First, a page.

Early Findings from HAPIN Trial Released

October 11, 2022

Early findings from the Household Air Prevention Network Trial— an international multi-center study aimed at assessing the impact of a liquefied petroleum gas (LPG) cooking stove and fuel intervention on health—were published today in The New England Journal of Medicine.

The aim of the multi-year HAPIN trial was to determine the impacts of a randomized LPG intervention on health in diverse low- and middle-income populations on four primary outcomes: birth weight, child stunting, child pneumonia, and adult systolic blood pressure. Three thousand two hundred pregnant women (9 to <20 weeks gestation)—800 from each of India, Rwanda, Guatemala, and Peru—were randomized on a 1:1 basis, either to receive a free LPG stove and fuel or to serve as controls that continued to cook on traditional stoves with biomass. The researchers measured stove use and the pregnant woman’s exposure to air pollution throughout the gestation period.

The study was led by Emory University, Johns Hopkins University, and Colorado State University and involved investigators from the Sri Ramachandra Institute of Higher Education and Research, Universidad del Valle de Guatemala, Asociación Benéfica PRISMA, Universidad Peruano Cayetano Heredia, the London School of Hygiene and Tropical Medicine, the University of Georgia, UC Berkely,  Harvard University, Washington University in St. Louis,  Berkeley Air Quality, Oxford University. It was funded by the US National Institutes of Health in collaboration with the Bill & Melinda Gates Foundation. 

This paper, led by Thomas F. Clasen, Rose Salamone Gangarosa Chair in Sanitation and Safe Water at Rollins and MPI of the study, reports on the first of those outcomes and the one for which data is currently available. Major findings include:

  • Despite the challenge of COVID shutdowns and government restrictions--and the tendency of householders to continue to use traditional stoves and fuel even when they have access to cleaner fuels—we were able to continue the trial and achieve nearly exclusive use of the LPG stoves by the intervention arm throughout the follow up period.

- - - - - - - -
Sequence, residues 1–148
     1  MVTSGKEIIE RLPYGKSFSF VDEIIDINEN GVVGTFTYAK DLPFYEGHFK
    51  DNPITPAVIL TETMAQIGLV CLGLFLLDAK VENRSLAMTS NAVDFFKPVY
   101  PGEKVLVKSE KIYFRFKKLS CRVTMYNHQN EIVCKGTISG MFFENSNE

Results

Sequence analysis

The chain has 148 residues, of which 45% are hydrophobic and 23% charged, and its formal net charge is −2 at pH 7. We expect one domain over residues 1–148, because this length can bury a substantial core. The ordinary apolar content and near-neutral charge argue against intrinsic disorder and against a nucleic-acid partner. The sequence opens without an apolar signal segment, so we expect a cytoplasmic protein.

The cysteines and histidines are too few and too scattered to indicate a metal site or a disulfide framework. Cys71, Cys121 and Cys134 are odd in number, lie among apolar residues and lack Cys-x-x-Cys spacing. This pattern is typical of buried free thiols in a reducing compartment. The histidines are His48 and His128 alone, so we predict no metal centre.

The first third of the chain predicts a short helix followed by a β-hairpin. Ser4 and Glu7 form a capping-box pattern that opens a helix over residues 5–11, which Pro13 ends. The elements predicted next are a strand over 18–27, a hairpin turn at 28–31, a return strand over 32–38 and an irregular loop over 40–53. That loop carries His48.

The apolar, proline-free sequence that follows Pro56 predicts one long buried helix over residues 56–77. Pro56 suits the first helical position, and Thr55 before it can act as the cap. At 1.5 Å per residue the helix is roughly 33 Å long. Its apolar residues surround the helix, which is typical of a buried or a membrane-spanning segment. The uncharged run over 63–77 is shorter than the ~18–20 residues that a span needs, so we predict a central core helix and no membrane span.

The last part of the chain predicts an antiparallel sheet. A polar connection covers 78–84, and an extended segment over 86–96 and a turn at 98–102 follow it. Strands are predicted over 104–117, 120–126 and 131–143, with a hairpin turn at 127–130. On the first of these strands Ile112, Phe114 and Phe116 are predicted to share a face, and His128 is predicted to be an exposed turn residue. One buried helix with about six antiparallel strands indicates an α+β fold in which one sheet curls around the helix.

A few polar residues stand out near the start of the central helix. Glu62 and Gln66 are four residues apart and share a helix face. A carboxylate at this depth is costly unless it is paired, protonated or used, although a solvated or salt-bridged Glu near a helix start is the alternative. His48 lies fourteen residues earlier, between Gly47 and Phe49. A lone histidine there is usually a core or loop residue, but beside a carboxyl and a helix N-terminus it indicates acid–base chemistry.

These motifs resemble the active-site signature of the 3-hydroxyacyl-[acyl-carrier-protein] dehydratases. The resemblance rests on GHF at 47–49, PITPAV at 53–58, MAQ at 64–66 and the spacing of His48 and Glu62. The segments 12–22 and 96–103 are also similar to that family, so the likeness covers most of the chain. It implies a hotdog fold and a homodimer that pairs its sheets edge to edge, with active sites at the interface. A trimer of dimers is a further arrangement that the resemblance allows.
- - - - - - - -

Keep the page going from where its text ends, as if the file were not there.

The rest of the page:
• The intervention was highly effective in reducing exposure to air pollution. Personal exposure to fine particulate matter (PM5) was 66% lower in the intervention group than in the control group (23.9 vs. 70.7 μg/M3). It was below the WHO Interim Guideline value of 35 μg/M3-IT1 limit in 69% of the intervention households compared to 23% of control households.
  • Despite the reduction in exposure to air pollution, the birth weight of infants did not differ significantly between those born to women who used LPG cookstoves and those born to women who used biomass cookstoves.
  • There was suggestive evidence that intervening earlier in gestation may be protective: infants born to women who received the intervention at less than 18 weeks’ gestation were 33.8 g (95% CI, −2.6 to 70.2) heavier than those born to women who received the intervention at a later time.

It should be noted that this study tested an intervention not an exposure. A companion study undergoing peer review and available as a pre-print found that higher maternal exposure to fine particulate or black carbon resulted in lower birth weight. 

The researchers recently received a 4-year $6.8M R01 from the National Institute for Environmental Health Sciences to continue following HAPIN children for growth and neurocognitive development outcomes until their fifth birthday.